In many aeroengines the accessory power offtake is achieved using a spiral bevel gear set running off one of the main shafts. The crown and bevel gears are housed in an internal gearbox. Over the past few years the Nottingham University Technology Centre (UTC) in Gas Turbine Transmission Systems has researched flow near spiral bevel gears both computationally and experimentally using a purpose-built test rig. In the current investigation the rig was configured with a Trent crown gear and slightly modified shroud covering the full 360° of the gear. No external containment chamber was fitted and all testing was conducted single-phase (air only) at 5,000 rpm. Laser Doppler Anemometry (LDA) was used to obtain the three components of flow velocity at a shroud exit slot and at shroud inlet. A 2D system was utilised and thus two measurements were required at each point to give the 3 velocity components.

The LDA technique enabled detailed mapping of flow features over the chosen regions, which included areas very near the shroud surfaces. Data was obtained over two measurement regions:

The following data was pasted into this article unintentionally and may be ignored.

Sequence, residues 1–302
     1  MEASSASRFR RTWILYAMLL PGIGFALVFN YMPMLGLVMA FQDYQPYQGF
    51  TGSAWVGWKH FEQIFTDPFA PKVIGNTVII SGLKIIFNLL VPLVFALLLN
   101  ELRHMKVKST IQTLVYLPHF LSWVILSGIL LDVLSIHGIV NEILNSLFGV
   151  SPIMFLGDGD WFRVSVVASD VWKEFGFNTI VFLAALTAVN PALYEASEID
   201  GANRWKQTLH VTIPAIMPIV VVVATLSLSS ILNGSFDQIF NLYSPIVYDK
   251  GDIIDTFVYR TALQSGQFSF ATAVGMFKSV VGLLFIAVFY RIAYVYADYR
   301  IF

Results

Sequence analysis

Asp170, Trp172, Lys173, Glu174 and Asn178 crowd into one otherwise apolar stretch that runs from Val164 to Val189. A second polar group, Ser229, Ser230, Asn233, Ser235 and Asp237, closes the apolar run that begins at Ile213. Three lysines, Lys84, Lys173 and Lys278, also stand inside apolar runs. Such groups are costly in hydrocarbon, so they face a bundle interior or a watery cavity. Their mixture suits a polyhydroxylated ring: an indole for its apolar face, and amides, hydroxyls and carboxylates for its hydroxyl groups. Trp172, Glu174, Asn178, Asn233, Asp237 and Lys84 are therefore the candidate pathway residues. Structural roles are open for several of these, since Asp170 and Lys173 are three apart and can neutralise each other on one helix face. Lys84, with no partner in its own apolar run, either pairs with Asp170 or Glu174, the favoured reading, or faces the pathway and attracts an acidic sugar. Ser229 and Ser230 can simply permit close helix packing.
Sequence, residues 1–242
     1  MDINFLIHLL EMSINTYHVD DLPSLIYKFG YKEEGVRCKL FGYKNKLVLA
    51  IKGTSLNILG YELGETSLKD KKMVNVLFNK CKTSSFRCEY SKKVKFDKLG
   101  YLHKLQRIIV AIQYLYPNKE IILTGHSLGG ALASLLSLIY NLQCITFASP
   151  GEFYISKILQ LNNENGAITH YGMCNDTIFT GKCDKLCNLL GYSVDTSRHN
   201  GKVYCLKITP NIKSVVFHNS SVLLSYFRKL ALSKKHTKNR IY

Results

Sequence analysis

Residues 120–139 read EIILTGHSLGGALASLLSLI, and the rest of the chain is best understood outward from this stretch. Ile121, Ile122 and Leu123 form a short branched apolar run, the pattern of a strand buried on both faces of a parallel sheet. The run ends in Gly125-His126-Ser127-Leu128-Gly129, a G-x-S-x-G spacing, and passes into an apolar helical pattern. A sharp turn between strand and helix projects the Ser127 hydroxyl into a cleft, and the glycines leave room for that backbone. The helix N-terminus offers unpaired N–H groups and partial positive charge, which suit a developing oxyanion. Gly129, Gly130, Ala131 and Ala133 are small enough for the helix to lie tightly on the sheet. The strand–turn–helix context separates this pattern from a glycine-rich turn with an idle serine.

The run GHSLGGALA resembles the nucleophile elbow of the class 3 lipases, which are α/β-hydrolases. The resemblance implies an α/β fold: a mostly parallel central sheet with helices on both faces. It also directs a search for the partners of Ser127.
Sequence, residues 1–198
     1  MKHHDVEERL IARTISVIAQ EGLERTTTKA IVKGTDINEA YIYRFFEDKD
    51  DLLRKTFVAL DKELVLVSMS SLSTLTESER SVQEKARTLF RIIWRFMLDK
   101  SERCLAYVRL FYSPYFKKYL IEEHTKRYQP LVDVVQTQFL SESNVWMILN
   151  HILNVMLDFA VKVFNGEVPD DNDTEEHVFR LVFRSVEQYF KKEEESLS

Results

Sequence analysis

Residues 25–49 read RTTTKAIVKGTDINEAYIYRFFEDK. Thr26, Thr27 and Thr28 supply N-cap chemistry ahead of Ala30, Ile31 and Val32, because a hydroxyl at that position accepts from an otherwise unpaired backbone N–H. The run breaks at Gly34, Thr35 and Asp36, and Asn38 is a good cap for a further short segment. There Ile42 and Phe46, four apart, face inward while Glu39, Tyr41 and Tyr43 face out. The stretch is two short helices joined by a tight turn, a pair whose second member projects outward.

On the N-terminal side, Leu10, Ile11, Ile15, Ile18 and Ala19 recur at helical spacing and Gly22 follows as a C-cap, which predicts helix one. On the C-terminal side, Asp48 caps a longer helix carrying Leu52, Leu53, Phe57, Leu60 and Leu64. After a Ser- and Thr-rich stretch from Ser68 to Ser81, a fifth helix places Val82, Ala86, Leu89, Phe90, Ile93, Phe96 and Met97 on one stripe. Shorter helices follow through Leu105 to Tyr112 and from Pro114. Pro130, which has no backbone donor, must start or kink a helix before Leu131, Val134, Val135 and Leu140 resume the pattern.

1) a volume mapping the air “jet” exiting the shroud exit slot at top dead centre (TDC) and

2) an area capturing the flow structures local to the shroud inlet.

Combined the results form an excellent set of high quality, detailed, 3-component flow data for direct use in validating CFD models and/or to define CFD boundary conditions.

At the shroud exit slot the maximum velocity measured was 46.2 m/s with the jet velocity dispersing over the measurement volume such that by 26 mm from slot plane the maximum velocity was less than 20 m/s. The jet angle was found to be only 16° off perpendicular azimuthally and 22° down from perpendicular. Data from the top 5 slots shows good similarity indicating the detailed data for the TDC slot is probably applicable to all slots.

Air entering the shroud comes down the shroud face and up the rotating end face of the gear shaft. The azimuthal velocity component at shroud inlet was around 20 m/s; this is of the order of 50% of the maximum linear shaft surface speed. Within 3 mm of the rotating gear face the azimuthal velocity is less than 1 m/s. Detailed measurements were obtained only at one angular location but sufficient additional measurements were obtained to determine that for the purposes of CFD validation the results can be considered representative.

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